The Block

One Quilt block was made for Serbia & Montenegro as they were one federation when the project was completed in 2005. In 2006 however, Montenegro ceded from the federation. It now has its own cultural profile. To view click Montenegro.

Blockmaker Dragica Bogdanovic incorporated traditional needlework colours into a rich and full, decorative floral design for the Serbia and Montenegro square. Against a linen background, a variety of embroidery stitches, including double loop, chain and Romanian, are combined to create stylized peonies in the corners and along the border.

Serbian embroidery, which has strong Oriental and Byzantine influences, is usually worked in wool or silk thread, however in order to enhance the design, ordinary floss was used for this block. Gold sequins, which are included on dresses in some regions of the country, embellish each corner of the block’s border, and all elements of the design are outlined in black, a frequent practice in Serbian needlework. The centre of the block features the country’s national symbol, a cross surrounded by four ocila (firestone) emblems.


Gusle on pirot kelim rug
Gusle on a kilim
Rugova gorge
Rugova Gorge
Zapis-0007-Desimirovac-Hrast 20140720 0424
A zapis tree


Young girls in traditional costumes
Perućac lake - Језеро Перућац
Perućac lake

Cultural Profile

Serbia along with five other republics, was part of Yugoslavia before its breakup in 1991. The northern part of the country is a fertile plain, with the terrain becoming steeper and steeper towards the south. There rivers have cut steep canyons through the mountains. The Danube, one of Europe’s most important waterways, runs through this country, exiting by way of the Iron Gates––a spectacular gorge whose canyon walls reach up to 488 metres in height. Serbs are the nation’s largest ethnic group, constituting approximately two-thirds of the population, followed by Hungarians and Roma. The official language is Serbian, although minority groups speak their own languages, including Albanian and Hungarian or Slovak.

The family is at the centre of Serb life and although the traditional zadruga system, in which a kin group of several families owned and farmed common land, has changed, loyalty to one’s family and the protection of its honour are still important values. A family’s patron saint is honored during the slava, a festive occasion during which each family hosts an open house for everyone. Special foods are prepared and shared with family, friends and strangers for up to three days. Kumstvo (god-parenting) remains a common and important tradition. Another endurng custom is the zapis, a sacred tree that is to be found in most villages. A cross is carved into the tree’s bark and renewed every year during a special celebration. Zapis are part of commemorations held throughout the year to mark village life, even serving in the past as places for weddings or baptisms when the village did not have a church building. Serbs are warm and pragmatic people to whom humour in communications is essential. Serbian epic poetry has also been important in cementing the national identity and recording historical events. New works are still being published. It is customary that the gusle, a single-stringed instrument, be used to accompany recitations of these epics.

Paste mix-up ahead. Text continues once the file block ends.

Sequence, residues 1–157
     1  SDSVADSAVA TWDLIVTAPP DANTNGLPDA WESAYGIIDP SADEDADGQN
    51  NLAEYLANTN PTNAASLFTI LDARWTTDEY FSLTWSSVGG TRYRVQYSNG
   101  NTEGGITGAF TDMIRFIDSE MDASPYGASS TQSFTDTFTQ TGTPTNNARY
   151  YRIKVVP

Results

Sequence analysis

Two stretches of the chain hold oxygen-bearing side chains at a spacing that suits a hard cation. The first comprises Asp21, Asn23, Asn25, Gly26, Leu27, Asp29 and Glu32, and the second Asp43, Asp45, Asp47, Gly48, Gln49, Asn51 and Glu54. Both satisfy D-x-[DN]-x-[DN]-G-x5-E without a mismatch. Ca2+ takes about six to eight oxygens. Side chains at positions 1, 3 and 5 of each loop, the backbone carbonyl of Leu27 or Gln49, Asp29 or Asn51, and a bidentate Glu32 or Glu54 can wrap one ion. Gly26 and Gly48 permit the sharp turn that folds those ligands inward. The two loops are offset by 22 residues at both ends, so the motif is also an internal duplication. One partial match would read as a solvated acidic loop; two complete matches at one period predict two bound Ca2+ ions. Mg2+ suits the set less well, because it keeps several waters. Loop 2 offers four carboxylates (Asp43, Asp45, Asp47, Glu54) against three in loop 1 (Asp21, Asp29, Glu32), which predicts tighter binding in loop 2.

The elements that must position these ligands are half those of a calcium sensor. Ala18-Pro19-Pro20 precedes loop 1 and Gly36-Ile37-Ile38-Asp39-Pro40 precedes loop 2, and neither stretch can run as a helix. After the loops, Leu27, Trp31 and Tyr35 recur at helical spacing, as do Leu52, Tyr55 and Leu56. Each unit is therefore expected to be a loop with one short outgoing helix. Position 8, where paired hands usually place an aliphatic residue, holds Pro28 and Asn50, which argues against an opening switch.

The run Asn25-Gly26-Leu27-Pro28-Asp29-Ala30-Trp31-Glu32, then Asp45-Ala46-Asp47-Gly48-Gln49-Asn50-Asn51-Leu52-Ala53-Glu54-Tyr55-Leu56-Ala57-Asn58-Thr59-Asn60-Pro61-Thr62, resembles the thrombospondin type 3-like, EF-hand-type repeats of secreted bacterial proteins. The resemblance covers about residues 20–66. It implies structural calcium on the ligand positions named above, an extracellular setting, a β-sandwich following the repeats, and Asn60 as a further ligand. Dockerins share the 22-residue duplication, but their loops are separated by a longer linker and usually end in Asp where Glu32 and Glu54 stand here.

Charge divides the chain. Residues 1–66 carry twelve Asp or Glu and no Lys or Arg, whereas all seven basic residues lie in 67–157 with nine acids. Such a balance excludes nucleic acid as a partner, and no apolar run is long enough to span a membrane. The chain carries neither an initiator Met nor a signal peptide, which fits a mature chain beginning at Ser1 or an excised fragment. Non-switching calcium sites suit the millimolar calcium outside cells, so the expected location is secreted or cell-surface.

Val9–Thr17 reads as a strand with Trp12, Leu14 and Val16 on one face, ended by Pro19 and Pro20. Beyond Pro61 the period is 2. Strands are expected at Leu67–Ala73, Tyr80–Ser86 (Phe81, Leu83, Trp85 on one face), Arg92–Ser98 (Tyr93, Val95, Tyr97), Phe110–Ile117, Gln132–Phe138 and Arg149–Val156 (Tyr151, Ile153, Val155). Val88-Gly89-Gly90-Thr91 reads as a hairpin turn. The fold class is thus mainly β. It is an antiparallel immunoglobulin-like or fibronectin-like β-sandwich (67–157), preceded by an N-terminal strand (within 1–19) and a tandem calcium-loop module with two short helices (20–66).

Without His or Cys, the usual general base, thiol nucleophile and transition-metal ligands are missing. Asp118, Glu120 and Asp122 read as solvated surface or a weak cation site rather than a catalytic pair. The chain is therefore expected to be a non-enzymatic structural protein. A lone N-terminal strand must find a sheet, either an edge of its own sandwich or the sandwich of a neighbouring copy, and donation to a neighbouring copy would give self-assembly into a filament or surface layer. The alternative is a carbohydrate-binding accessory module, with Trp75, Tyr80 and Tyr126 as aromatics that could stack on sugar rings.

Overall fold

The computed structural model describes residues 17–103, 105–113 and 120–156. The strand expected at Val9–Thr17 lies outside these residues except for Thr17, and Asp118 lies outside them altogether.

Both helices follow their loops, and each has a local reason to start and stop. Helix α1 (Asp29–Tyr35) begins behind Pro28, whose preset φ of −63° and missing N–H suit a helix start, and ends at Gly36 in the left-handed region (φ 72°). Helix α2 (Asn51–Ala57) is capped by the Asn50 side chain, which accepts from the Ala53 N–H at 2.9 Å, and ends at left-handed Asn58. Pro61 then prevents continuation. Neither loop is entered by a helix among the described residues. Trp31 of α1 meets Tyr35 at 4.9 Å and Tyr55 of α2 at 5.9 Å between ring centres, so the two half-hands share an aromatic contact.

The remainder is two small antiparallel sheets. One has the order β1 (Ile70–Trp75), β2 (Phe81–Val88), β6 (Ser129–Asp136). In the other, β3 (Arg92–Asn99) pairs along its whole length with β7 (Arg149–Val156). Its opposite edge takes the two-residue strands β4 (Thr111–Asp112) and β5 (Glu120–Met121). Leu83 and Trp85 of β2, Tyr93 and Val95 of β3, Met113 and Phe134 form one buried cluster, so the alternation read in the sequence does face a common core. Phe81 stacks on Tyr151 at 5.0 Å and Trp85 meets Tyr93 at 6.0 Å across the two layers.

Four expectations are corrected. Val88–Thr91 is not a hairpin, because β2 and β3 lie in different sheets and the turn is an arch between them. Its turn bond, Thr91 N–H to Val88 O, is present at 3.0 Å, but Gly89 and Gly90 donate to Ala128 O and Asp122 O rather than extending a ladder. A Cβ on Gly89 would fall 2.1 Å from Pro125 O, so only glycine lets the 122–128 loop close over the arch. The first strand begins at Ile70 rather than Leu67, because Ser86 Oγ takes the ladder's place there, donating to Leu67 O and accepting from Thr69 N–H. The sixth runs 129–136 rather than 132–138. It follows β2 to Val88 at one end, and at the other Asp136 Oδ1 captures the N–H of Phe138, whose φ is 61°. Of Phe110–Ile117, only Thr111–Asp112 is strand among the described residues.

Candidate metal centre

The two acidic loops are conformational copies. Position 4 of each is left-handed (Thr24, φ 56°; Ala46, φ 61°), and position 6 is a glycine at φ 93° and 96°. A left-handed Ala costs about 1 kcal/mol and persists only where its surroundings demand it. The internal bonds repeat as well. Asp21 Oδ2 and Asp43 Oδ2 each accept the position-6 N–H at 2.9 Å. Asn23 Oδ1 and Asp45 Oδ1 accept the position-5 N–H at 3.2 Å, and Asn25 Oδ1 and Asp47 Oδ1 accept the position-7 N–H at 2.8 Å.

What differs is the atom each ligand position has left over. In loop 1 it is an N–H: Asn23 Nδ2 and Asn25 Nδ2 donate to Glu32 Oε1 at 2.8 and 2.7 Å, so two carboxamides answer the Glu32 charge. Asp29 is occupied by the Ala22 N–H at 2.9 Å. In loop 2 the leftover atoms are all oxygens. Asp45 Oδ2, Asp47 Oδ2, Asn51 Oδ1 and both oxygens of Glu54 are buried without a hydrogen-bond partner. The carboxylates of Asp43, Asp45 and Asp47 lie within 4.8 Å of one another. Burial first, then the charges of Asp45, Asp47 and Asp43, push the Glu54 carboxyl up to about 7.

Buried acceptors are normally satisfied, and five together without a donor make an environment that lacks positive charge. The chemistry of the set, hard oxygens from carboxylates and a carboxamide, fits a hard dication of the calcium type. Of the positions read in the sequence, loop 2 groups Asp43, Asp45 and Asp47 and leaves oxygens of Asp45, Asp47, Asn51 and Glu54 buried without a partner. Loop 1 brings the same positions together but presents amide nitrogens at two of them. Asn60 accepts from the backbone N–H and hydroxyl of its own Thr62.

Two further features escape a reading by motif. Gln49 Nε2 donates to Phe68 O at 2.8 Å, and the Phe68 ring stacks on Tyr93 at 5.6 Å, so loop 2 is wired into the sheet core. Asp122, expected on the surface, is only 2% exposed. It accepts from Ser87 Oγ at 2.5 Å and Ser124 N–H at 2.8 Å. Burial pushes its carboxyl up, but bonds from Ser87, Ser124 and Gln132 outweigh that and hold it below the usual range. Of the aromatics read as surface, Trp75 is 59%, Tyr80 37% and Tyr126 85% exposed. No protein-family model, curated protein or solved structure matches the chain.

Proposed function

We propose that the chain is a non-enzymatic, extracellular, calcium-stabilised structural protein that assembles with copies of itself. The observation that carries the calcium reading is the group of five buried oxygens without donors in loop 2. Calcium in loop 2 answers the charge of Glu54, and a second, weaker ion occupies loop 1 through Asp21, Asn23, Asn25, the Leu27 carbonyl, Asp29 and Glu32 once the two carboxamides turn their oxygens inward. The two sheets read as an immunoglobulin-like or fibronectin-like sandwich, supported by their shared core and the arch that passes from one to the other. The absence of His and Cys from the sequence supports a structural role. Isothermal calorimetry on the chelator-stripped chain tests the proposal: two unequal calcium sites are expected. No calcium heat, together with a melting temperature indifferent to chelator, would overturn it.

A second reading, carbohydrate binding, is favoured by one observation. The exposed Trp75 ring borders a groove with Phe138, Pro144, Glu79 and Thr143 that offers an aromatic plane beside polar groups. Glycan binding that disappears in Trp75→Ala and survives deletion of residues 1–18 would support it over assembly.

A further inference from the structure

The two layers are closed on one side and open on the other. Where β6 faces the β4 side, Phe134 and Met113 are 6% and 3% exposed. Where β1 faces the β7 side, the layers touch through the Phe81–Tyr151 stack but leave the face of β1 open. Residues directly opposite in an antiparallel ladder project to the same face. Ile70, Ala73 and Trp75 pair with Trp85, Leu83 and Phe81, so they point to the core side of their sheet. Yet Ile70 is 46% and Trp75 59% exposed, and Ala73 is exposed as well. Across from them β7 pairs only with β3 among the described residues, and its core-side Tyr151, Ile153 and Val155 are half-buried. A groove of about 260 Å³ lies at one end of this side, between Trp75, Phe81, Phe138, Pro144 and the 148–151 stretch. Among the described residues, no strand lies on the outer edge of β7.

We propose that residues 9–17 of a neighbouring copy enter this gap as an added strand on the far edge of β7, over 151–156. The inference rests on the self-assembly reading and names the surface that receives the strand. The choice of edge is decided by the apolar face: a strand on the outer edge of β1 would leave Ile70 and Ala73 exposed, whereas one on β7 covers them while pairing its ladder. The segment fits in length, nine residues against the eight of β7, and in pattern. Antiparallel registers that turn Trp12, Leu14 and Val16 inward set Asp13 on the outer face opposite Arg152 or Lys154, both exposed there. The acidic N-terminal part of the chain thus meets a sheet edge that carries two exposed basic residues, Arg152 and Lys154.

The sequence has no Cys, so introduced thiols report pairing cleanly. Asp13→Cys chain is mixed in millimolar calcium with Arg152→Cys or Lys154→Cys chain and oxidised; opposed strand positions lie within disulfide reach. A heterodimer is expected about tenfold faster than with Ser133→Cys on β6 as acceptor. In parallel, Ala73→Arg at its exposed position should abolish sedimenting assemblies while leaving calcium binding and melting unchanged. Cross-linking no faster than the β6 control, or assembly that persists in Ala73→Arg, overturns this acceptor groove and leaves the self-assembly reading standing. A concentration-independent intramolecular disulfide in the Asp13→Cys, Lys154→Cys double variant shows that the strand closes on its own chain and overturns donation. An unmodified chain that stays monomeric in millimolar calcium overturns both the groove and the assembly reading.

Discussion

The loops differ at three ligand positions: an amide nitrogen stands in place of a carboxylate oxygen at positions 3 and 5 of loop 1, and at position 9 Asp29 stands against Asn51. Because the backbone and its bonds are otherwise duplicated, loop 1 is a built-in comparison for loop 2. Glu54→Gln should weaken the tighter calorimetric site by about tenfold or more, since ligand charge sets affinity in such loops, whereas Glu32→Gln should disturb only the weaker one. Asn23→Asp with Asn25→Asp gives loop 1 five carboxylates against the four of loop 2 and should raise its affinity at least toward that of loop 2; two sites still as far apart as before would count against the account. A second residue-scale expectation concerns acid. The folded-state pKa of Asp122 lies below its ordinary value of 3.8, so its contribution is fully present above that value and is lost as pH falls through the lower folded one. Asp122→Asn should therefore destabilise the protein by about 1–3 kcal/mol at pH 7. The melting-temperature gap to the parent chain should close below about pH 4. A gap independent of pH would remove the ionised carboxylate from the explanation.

Historically, the Orthodox Church had a major influence on the arts of Serbia. Byzantine influences are evident in the country’s monasteries, some of which contain magnificent frescoes and icons. During the 19th and 20th centuries, however, Western artistic movements began influencing the nation’s architects and artists. Among the creative aspects of the culture, traditional dress occupies an important place because of its role in daily life, its significance for ethnic identity, and its artistic and aesthetic value. The country is known for its costumes, characterized by a great diversity in form and decoration. These colourful apparel are essential parts of the national folk dances, including the Kolo, a circle dance.

Serbia is also known for its kilims, or rugs, made in the town of Pirot for over 4 centuries. Artisans continue to produce exquisite lace, embroidery, leatherwork as well as pottery.

Serbs have been living in Canada since the 1850s, settling in Ontario, Alberta and British Columbia. Recently, because of unrest in their homeland, the number of Serbs immigrating here has increased. As of 2011, there were over 80,000 Serbs living in Canada. They have contributed to Canadian culture in a variety of ways. They have constructed many Serbian Orthodox churches built in the traditional Byzantine style, established numerous Serbian folkloric dance ensembles and founded athletic organizations.


Sponsor: Serbian National Shield Society of Canada | Photos courtesy Wikimedia Commons